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Federal budget uncertainty makes housing officials wary

Many low-income residents already affected by state and local cuts

SEATTLE — March 3, 2011 — Housing authorities across the country are watching carefully as Budget negotiations in Washington, D.C. raise questions about program adjustments that may be necessary if budget cuts to the Department of Housing and Urban Development are enacted.

Here in Seattle and Washington State, housing authority officials are concerned about the cumulative effect on low-income residents of cuts at the federal and state level.

The Seattle Housing Authority is already experiencing extremely low vacancy rates, and Housing Choice Voucher holders are unable to advance economically to the point where they can give up their vouchers and move into unsubsidized housing.

According to Seattle Housing Executive Director Tom Tierney, "The number of new people we are able to serve each month is shrinking. In January, just 74 new households were able to move into our housing or receive a voucher. This number has been as high as 200 over the past five years, but is clearly trending downward. Our vacancy rate in public housing is just 0.2 percent, with only 9 units out of 5,194 currently available to rent."

At the same time, the waiting list for Housing Choice Vouchers remains closed, and the agency is unable to issue new vouchers at all. Nearly all vouchers are in use (99.6 percent), and the 1,552 households still on the waiting list remain stuck there. Total waiting lists exceed 25,000, and 884 new households were added in January alone. At a time when need is growing dramatically, the Seattle Housing Authority is unable to expand to meet that need.

According to Tierney, "We are especially concerned about the cumulative hardships being experienced by low-income residents in both our Housing Choice Voucher and Public Housing programs. Many of these families are experiencing severe economic pressures as a result of cuts at the state level."

The State of Washington faces a $1.1 billion gap in its current budget. Some of the reductions it has implemented are a 15 percent reduction in payments to TANF participants and a 50 percent cut in Disability Lifeline grants, both programs targeted toward the lowest income individuals. Seattle Housing Authority must contribute an additional $1 million in annual housing subsidy to continue to provide housing for these individuals and families whose incomes have been reduced.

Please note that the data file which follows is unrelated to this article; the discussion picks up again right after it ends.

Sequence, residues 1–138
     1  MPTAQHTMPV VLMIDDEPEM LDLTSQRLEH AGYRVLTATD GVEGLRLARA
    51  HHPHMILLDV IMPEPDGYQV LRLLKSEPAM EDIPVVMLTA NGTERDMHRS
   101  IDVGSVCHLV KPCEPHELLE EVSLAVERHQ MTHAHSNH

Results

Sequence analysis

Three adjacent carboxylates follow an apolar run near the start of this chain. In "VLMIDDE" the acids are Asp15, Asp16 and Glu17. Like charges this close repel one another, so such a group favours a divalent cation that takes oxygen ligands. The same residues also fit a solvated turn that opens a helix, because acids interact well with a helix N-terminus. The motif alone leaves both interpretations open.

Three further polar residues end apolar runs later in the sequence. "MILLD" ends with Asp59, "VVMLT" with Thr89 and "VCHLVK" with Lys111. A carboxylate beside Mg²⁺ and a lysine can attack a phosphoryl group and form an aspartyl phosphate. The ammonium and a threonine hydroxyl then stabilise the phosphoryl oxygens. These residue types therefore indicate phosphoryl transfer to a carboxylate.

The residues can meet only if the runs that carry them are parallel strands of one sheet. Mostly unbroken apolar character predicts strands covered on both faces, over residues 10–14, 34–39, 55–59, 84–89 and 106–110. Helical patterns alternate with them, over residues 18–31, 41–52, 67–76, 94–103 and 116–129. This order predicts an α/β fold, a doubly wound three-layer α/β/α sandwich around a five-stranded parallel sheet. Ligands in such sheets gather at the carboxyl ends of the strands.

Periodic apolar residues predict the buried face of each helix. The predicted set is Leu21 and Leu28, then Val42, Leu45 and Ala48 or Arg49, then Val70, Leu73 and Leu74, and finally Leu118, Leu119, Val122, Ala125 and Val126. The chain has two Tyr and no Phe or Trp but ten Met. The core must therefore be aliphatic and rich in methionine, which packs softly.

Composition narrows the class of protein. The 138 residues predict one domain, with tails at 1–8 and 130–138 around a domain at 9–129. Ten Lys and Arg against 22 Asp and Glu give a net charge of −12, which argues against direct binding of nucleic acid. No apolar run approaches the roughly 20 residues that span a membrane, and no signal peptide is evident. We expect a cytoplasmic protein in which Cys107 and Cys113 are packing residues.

Gina Owens, a public housing resident who is supporting her three grandchildren on Social Security and a TANF grant, is concerned about recent reductions to her income. She explained her worry about the changes her family is facing. "Our TANF grant has decreased by about a hundred dollars, and I also lost funding for my prescriptions because of the elimination of the Part D Medicaid funding," Owens said. "That adds up to a $200 difference in my budget every month, and it is making things very difficult."

Lynn Sereda, a Housing Choice Voucher holder, has lived in her apartment for five years with the help of her voucher. She reports that she is feeling the effects of the cutbacks with the elimination of funding for low-income dental care.

"I know that taking care of your teeth really helps to keep you in good health, and having my teeth cleaned every year is something I’ve been really careful about," Sereda said.

While Sereda is hopeful that this funding will be restored, she depends on her voucher for stable housing. Homelessness looms as a real fear.

"I certainly hope I am not on the street next year," she said. "I think that keeping people housed really saves us all money in the long run."

Suggested cuts to the Public Housing Capital Fund are also alarming. At Seattle Housing Authority alone, a 43 percent reduction, as proposed by the House of Representatives, would represent a loss of nearly $6 million. Given the fact that public housing authorities across the country have been operating for years with a $30 billion backlog in capital needs, this cutback could result in further deterioration of the current housing stock.

The Seattle Housing Authority is the recent recipient of a $3 million matching grant from the City of Seattle to perform repairs in our Seattle Senior Housing Program buildings. If the Capital Budget allocation were cut by $6 million, the agency would likely lose this $3 million grant from the City because of an inability to match it, due to other obligations and pressing demands for capital improvements.

Budget measures under consideration also include eliminating HOPE VI and the new Choice Neighborhoods Initiative. The housing authority has submitted a Choice Neighborhoods competitive grant proposal to HUD for $24 million that would enable the first phase of Yesler Terrace Redevelopment. Since the mid-1990’s HOPE VI funds have been the catalyst for mixed finance developments at NewHolly, High Point and Rainier Vista. The Choice Neighborhood funds could play a crucial role in the mix of public and private funding that will be needed to realize the redevelopment and revitalization of Yesler Terrace.

According to Tierney, "It is too early to tell what adjustments we may have to make. We are watching carefully and staying in close touch with our Congressional delegation and our low-income housing colleagues."